Monday, 13 February 2012

Being sick and being in France

I was going to update this blog over a week ago, realising it's in a pretty sorry state with only one post. But first I got food poisoning and then I was without an internet connection for a few days, so here, finally, is the update.

We moved on to Trichy on the 3rd, a nice town with a Rock Fort and temples. There were more than 400 steps to get to the top of the Rock Fort, and you pass cave temples (but aren't allowed in) on your way up to a great view of the town, with kites circling above. The next day we visited the temples, which had lovely elephants and, most impressively, a simply massive Nandi carved out of one lump of rock. A ceremony one evening involved pouring industrial quantities of water, tumeric water and milk over the Nandi, which was quite cool (though I question why a bull needs an offering of gallons of milk).

Then we went to Thanjavur, and that night I ate bad food (chola poori, a generally nice dish of a big baloon-like fried bread and dips that I am never going to eat again). The next morning we went to the palace, which houses a large number of really brilliant statues, the best of which are from Darasuram. These were the best carvings I've ever seen, and the library also held amazing palm-leaf manuscripts, but unfortunately I started feeling faint and so we went back to the hotel. Then I spent the whole day throwing up etc. and feeling absolutely terrible. We decided to stay an extra day so I could recover. The next day I was slightly better, but still throwing up.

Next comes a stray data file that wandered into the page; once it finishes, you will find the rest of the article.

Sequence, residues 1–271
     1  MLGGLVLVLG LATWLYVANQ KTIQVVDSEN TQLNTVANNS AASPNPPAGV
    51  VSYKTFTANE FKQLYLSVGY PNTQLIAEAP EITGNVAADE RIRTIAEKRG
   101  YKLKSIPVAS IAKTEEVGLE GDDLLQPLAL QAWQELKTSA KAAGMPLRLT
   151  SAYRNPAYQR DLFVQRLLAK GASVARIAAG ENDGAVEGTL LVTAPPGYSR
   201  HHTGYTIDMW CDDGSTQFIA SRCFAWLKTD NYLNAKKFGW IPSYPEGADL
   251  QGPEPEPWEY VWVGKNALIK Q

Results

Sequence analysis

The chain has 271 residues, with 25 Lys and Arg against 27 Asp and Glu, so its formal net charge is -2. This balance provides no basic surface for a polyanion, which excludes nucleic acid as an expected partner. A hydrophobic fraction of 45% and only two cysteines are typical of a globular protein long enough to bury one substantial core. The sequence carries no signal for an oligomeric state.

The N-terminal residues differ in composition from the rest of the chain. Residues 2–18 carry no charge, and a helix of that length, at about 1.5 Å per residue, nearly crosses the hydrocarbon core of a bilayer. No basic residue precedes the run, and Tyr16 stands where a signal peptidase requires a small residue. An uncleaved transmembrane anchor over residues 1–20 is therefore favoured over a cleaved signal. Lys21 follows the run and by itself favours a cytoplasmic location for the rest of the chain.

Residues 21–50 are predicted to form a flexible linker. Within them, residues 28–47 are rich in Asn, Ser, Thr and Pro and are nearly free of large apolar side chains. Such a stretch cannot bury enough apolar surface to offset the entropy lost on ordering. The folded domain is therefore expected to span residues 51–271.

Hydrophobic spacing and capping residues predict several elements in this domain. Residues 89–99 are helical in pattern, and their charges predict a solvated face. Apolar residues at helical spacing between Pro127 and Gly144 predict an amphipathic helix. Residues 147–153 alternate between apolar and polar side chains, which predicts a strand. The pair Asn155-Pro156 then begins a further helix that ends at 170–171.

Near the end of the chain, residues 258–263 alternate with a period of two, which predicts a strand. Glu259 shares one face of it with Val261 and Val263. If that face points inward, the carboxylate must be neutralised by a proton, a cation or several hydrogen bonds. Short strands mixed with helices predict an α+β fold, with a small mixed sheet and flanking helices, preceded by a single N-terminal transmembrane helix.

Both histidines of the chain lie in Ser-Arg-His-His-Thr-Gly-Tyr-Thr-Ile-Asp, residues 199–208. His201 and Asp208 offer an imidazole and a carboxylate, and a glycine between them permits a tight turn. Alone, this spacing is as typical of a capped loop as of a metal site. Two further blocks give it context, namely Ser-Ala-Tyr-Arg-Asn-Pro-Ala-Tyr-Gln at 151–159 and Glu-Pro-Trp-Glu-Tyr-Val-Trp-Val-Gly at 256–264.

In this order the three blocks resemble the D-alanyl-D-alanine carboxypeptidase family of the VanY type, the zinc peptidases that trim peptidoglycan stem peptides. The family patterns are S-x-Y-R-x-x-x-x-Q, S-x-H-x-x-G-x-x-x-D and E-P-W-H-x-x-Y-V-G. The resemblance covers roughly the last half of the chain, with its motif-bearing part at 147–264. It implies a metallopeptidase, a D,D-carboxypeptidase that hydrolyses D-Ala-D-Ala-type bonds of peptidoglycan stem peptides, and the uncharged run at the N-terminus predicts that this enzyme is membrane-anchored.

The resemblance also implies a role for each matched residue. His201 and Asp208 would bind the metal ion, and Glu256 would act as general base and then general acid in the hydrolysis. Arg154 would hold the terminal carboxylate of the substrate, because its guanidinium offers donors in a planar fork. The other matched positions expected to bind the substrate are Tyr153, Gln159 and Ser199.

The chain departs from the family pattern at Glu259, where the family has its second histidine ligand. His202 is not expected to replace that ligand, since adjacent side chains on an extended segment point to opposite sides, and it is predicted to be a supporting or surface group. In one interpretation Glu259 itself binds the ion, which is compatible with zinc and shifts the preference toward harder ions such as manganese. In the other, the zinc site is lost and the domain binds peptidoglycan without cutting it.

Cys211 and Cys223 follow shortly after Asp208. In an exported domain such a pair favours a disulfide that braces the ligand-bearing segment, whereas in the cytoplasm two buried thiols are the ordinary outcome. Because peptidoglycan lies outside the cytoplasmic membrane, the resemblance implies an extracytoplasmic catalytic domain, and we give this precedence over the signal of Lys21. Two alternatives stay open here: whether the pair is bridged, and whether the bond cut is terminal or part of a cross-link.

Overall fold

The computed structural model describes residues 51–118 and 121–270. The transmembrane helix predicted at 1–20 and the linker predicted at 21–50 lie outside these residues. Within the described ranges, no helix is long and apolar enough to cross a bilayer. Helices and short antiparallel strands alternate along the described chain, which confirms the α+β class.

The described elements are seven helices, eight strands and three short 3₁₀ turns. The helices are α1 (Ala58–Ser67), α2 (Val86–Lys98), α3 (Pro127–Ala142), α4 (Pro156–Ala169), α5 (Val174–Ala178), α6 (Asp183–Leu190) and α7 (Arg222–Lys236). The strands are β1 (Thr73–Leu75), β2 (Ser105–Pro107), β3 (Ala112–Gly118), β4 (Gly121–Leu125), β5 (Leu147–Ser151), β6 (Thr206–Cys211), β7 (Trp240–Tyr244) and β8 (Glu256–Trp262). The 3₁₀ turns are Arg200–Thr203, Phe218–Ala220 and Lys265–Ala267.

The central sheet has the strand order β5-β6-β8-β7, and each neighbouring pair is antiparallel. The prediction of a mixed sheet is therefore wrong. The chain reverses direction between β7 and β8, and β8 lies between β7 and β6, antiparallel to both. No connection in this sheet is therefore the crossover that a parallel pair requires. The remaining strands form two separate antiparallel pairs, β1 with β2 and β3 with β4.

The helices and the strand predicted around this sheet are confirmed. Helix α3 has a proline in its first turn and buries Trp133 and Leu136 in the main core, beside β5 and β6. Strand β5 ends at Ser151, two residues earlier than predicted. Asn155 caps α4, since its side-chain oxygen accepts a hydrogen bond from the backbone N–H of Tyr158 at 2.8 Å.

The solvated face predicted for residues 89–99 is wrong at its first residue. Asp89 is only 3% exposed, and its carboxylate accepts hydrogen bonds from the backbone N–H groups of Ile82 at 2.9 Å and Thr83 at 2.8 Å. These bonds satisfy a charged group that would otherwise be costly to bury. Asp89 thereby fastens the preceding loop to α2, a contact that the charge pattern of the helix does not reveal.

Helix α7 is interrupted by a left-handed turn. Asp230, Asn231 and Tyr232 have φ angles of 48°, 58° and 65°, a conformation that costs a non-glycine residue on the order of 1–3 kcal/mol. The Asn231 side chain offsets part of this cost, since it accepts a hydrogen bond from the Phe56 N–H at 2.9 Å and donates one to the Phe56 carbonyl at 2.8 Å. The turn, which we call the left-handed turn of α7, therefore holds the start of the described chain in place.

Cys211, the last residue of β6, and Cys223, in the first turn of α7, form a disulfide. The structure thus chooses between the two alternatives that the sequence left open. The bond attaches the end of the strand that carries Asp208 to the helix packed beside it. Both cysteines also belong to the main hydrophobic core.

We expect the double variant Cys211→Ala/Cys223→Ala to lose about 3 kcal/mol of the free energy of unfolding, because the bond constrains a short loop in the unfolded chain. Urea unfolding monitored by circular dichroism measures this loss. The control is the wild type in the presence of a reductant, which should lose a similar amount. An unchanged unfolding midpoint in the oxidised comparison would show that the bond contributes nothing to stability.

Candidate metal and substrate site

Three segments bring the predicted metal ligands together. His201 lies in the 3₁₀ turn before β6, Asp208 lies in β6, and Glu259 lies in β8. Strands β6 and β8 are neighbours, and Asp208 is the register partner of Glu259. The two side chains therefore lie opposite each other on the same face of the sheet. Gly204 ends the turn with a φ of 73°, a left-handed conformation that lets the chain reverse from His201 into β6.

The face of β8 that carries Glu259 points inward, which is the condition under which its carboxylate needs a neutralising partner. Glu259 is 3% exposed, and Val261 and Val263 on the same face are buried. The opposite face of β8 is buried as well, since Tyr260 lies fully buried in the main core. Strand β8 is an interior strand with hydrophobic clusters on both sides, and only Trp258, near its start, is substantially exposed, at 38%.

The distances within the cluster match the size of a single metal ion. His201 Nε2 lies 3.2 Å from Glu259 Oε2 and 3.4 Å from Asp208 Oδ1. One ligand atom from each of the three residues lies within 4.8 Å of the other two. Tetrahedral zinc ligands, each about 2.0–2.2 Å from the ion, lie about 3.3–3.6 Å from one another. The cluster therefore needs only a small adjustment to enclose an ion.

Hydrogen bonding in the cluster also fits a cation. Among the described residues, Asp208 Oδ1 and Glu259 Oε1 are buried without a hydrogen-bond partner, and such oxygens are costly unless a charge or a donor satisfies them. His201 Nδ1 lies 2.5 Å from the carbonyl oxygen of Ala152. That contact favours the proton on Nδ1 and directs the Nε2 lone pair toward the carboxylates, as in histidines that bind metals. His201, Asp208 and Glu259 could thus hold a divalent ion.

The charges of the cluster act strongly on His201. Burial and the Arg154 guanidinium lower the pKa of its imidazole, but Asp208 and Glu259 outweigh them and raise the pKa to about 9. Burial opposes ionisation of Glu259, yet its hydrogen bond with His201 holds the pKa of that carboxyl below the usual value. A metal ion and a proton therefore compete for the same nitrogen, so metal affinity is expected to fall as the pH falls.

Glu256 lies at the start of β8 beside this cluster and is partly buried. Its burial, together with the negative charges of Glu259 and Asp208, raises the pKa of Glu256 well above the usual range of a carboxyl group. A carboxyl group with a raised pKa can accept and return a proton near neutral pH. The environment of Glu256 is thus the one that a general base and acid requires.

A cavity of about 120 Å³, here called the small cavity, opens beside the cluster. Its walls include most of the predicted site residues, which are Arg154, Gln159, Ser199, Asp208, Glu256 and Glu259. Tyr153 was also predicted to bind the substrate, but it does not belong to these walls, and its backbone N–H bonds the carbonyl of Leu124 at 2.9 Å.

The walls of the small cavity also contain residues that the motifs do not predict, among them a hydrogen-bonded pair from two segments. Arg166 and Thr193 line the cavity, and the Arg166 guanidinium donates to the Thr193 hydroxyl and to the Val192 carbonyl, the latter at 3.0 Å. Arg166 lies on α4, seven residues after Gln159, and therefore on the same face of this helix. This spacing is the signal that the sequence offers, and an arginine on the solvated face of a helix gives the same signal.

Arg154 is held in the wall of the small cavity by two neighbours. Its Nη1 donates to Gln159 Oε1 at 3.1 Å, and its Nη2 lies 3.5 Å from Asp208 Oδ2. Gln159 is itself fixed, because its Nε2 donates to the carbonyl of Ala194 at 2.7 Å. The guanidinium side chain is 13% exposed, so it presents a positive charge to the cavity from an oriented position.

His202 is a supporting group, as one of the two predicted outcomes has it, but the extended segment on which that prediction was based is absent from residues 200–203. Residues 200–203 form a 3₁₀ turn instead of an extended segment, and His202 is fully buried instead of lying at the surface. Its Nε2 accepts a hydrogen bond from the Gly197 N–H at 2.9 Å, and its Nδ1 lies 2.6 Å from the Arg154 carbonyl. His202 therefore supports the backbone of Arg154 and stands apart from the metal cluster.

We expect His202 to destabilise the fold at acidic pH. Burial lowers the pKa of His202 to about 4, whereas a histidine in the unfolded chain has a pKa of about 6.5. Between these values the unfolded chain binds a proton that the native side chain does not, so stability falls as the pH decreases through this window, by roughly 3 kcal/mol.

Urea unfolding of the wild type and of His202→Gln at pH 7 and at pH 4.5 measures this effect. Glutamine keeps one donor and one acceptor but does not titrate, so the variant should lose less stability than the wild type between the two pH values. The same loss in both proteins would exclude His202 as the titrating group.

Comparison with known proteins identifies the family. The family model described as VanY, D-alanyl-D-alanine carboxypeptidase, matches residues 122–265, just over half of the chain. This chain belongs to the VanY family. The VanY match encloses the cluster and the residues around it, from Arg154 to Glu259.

The next morning I felt better, and we moved on to Kumbakonam, from which we visited Darasuram and the temple there. The temple was gorgeous, with a grassy, shady garden all around it and fabulously (the best I've ever seen) pillars and carved lions. However, I felt extremely nauseous so once again we left early and I started throwing up again. That evening we got some antibiotics, and I finally started to feel a bit better. The next day I just tried to recover.